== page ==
Forget spark plugs, start
your car with nanotubes
19 November 2005 · From
New Scientist Print Edition. Subscribe and get 4 free
issues. Celeste Biever
THE accidental discovery
that carbon nanotubes can be set alight with nothing more
than a bright light could lead to a more efficient way of
igniting car and rocket fuel.
Three years ago, a
student working in Pulickel Ajayan's lab at Rensselaer
Polytechnic Institute in New York inadvertently ignited the
pile of carbon nanotubes he was photographing (New
Scientist, 4 May 2002, p 27). Researchers think that the
nanotubes ignite because they absorb light more efficiently
than they can dissipate the energy as heat. The phenomenon
only happens when iron impurities are present, although the
exact process is uncertain.
Despite the mechanism's
mystery, researchers are already beginning to exploit the
effect. Bruce Chehroudi and
Stephen Danczyk of the US Air Force Research Laboratory at
Edwards air force base in California have found that
nanotubes placed one millimetre away from a droplet of
methanol or a liquid rocket fuel called RP-1 can ignite the
droplet when flashed with light. They think the burning
nanotubes ignite the vapour around the droplet, which then
ignites the fuel.
The pair have also
ignited solid firework propellants such as potassium
chlorate, simply by placing the nanotubes on top of them.
Encouraged by this success, they have filed patents on
nanotube ignition systems for car and rocket fuels. Standard
petrol engines rely on a spark produced by a high voltage
between two electrodes at the tip of the spark plug. This
ignites an atomised mixture of fuel and air in a combustion
chamber, and the expanding gas drives a piston. But sparking
does not burn all the fuel, creating inefficiency and
pollution. The wasted fuel drips into the exhaust pipe, from
where it is released into the atmosphere. And if rocket fuel
fails to ignite, the mixture of oxygen and hydrogen can
build up and ignite later in an explosion that can damage
Nanotubes could prevent
this by providing "distributed ignition" through the bulk of
a fuel, with no single point of failure. The nanotubes would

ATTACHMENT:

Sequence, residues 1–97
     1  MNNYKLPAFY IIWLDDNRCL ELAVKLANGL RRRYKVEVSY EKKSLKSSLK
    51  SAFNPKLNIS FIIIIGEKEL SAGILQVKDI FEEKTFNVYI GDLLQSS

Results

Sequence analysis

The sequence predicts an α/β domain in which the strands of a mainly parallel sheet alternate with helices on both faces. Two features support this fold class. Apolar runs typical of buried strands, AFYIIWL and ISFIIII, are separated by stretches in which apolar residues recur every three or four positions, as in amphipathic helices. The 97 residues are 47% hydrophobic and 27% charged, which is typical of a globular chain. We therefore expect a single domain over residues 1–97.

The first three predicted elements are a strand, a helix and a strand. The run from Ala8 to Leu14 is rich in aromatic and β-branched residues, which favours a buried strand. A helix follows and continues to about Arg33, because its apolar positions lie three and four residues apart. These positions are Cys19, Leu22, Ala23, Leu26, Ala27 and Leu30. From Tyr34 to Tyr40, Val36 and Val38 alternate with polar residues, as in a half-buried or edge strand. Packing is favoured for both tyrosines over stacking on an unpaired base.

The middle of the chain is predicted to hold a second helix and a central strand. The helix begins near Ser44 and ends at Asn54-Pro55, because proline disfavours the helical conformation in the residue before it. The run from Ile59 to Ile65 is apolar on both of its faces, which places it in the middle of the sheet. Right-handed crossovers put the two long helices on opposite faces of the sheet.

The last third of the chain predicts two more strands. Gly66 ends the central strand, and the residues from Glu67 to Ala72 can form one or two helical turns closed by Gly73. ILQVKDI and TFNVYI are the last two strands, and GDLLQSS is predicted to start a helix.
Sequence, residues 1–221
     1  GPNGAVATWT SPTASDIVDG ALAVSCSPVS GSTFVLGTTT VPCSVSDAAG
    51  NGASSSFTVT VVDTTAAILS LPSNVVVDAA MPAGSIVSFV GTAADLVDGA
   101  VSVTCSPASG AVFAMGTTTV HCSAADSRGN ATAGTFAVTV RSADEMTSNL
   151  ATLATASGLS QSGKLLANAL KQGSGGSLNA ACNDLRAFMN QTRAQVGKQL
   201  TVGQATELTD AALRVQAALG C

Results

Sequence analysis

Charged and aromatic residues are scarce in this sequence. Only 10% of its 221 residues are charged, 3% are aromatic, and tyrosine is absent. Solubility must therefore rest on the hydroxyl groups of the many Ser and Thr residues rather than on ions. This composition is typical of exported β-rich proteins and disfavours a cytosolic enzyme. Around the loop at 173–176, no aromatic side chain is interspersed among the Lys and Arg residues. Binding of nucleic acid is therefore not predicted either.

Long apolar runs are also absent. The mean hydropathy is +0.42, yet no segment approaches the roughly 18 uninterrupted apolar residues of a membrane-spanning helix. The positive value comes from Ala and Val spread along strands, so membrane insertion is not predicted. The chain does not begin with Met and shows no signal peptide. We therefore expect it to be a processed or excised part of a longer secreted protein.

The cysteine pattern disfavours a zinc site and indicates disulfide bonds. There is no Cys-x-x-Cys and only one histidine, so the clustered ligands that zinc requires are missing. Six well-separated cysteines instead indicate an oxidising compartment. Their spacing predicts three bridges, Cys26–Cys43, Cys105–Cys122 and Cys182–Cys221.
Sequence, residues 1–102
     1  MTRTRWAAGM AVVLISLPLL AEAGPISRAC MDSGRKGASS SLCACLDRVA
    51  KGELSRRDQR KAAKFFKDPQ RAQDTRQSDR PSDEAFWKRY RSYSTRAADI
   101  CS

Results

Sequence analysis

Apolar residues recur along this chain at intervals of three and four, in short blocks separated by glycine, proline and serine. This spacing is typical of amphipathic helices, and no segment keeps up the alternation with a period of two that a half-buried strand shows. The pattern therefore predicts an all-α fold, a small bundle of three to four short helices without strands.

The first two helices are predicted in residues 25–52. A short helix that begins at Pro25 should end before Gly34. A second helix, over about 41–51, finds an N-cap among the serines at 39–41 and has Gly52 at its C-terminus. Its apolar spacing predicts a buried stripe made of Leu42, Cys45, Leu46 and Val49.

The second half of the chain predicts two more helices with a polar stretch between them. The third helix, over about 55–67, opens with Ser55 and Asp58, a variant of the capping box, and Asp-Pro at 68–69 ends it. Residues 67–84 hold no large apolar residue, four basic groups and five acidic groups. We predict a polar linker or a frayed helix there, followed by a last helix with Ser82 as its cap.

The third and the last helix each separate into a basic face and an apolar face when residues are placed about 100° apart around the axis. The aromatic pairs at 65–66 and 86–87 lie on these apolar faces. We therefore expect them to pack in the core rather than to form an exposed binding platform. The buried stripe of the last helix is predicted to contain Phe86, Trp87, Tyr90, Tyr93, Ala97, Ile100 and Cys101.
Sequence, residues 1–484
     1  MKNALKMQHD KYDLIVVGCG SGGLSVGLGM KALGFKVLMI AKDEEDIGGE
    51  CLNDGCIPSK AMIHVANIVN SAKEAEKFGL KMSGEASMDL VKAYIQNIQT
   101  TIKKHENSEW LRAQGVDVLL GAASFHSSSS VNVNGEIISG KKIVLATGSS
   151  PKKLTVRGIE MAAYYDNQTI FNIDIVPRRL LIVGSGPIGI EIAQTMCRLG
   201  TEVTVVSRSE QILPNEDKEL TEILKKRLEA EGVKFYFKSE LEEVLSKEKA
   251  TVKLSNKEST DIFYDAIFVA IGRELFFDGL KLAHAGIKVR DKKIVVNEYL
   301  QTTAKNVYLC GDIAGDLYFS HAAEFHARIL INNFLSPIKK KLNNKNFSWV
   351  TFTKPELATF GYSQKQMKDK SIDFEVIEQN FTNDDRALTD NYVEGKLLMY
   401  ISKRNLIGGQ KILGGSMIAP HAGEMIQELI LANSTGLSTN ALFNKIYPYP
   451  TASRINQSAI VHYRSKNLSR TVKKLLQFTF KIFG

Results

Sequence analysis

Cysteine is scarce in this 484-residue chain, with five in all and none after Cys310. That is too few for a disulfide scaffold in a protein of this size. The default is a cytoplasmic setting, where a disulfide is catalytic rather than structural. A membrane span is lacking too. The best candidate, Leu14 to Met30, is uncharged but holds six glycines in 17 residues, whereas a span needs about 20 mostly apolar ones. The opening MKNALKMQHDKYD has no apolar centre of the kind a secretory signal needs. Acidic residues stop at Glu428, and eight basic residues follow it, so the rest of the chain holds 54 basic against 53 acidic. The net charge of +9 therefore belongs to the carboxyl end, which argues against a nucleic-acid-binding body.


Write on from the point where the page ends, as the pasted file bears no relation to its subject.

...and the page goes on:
be blasted into the fuel as it is atomised, and mixed with
the air inside the cylinder. A flash of light from a bright
LED would ignite the nanotubes, and hundreds of tiny flames
would then ignite the fuel throughout, doing away with the
spark plug. "If one nanotube fails, you have lots of
others," says Chehroudi.
"Igniting at multiple points has always been a dream."
"A flash of light ignites
the nanotubes, which then ignite the fuel throughout"
The ignition system would
be more efficient because the nanotubes' dispersion
throughout the fuel mixture means that the heat produced is
used all at once to drive the piston, rather than gradually,
so there is less heat loss. In addition, all the fuel would
be burnt. This increased efficiency could justify the cost
of the new engines that would be needed, says the team. The
researchers are now trying to find which light wavelengths
and intensities work best. The idea is also being
investigated as a more reliable wire-free way of setting off
explosive bolts for rocket-stage separation, says Riad Manaa
at the Lawrence Livermore National Laboratory in California.
Wires often degrade and fail under high mission temperatures
and pressures: an optical fiber might do the job better.
From issue 2526 of New
Scientist magazine, 19 November 2005, page 30
NANOTUBE (FLASH) IGNITION
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